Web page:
The occupy movement and the geography of the top 1% in Canada
Authors: Sébastien Breau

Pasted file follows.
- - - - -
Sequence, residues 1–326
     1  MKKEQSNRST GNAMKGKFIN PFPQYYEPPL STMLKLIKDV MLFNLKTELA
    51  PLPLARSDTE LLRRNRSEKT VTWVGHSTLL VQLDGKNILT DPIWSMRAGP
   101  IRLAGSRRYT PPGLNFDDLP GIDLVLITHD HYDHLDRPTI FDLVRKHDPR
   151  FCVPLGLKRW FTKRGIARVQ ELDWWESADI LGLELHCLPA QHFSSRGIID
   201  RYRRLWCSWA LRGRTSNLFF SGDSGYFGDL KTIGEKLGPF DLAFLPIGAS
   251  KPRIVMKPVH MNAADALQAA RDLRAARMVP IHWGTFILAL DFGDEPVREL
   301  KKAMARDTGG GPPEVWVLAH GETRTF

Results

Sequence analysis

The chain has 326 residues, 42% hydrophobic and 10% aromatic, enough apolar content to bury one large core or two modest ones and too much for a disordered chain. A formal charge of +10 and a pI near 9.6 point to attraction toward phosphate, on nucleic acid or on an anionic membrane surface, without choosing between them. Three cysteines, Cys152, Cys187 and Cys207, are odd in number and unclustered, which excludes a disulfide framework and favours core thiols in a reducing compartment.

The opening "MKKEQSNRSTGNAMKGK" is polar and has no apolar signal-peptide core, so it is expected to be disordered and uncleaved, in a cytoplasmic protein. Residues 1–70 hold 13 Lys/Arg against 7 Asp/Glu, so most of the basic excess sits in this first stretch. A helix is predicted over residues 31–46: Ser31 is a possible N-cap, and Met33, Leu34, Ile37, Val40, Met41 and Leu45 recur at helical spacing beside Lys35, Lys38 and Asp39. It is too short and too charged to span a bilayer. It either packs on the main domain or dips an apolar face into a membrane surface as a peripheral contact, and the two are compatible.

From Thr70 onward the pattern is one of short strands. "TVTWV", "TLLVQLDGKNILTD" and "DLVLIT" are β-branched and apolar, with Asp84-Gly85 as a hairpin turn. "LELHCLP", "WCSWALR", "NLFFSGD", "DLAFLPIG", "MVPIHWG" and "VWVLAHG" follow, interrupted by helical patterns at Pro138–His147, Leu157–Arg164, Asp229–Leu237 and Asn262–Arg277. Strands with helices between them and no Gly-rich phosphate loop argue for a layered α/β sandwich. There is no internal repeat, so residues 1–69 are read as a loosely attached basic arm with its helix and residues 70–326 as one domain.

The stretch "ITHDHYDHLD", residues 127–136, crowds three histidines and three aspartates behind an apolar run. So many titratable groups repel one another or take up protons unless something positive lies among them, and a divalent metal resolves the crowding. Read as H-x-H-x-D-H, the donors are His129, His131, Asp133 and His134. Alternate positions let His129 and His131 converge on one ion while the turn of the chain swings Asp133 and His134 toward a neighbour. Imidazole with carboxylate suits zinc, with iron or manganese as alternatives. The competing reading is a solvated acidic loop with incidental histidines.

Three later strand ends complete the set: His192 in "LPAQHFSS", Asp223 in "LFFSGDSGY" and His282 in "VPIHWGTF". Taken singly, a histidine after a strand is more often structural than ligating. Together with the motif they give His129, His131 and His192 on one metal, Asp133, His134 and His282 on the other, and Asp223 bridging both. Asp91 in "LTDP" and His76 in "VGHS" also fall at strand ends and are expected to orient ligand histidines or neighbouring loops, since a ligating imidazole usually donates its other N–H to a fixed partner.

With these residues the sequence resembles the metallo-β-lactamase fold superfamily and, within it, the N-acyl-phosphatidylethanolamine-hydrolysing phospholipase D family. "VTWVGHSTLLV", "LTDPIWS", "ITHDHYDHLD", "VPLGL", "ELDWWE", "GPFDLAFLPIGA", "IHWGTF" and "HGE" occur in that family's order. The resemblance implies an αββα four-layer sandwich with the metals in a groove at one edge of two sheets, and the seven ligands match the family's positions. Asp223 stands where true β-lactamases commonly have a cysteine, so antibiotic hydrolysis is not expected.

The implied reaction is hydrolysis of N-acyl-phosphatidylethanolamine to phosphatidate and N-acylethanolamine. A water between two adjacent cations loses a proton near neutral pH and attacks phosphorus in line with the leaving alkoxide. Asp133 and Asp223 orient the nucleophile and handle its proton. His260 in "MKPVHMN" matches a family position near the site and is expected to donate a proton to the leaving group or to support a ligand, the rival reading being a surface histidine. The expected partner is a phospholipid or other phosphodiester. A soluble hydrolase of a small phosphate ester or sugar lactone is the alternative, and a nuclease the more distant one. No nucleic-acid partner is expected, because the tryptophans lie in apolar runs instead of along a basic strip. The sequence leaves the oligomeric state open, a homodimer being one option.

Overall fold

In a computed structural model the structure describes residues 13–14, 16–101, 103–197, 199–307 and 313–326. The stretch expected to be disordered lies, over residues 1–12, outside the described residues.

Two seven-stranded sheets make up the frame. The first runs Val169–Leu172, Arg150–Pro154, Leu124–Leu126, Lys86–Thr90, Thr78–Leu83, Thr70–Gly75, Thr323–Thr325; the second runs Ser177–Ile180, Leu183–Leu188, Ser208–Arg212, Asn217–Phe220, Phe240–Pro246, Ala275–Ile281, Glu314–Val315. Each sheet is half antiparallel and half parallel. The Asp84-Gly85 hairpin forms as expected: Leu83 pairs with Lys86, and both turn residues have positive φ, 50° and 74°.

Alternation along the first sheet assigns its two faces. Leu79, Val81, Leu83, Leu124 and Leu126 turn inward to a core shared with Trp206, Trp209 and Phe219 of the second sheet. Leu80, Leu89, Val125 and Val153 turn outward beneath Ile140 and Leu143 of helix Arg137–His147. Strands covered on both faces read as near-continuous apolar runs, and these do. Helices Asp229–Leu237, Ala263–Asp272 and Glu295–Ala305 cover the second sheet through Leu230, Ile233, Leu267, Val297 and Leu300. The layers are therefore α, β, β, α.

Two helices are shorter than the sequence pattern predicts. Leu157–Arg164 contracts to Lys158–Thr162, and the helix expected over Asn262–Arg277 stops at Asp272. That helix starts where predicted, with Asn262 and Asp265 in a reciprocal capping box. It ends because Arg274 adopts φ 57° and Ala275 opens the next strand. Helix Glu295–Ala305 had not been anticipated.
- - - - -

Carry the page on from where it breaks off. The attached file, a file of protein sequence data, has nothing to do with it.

The Occupy movement catalyzed public debate on the issue of growing income inequality. This paper examines recent patterns of inequality in Canada, paying particular attention to changes in the characteristics of the top 1% of income earners. At the national level, the gap between the top percentile and the other 99% has widened considerably: in 2006, 11% of the nation’s income was concentrated in the hands of top earners (whose mean income of $344,000 is 11 times that of the average Canadian) compared with 7.7% just 15 years earlier. Beneath such national-level figures lie important geographical differences in the income hierarchy: the thresholds, average incomes and socio-economic characteristics of the top 1% vary widely across provinces and cities. Among the most important spatial shifts observed is the growing concentration of high-income groups in energy-rich Western Canada, where Calgary has become the most unequal city in the country.
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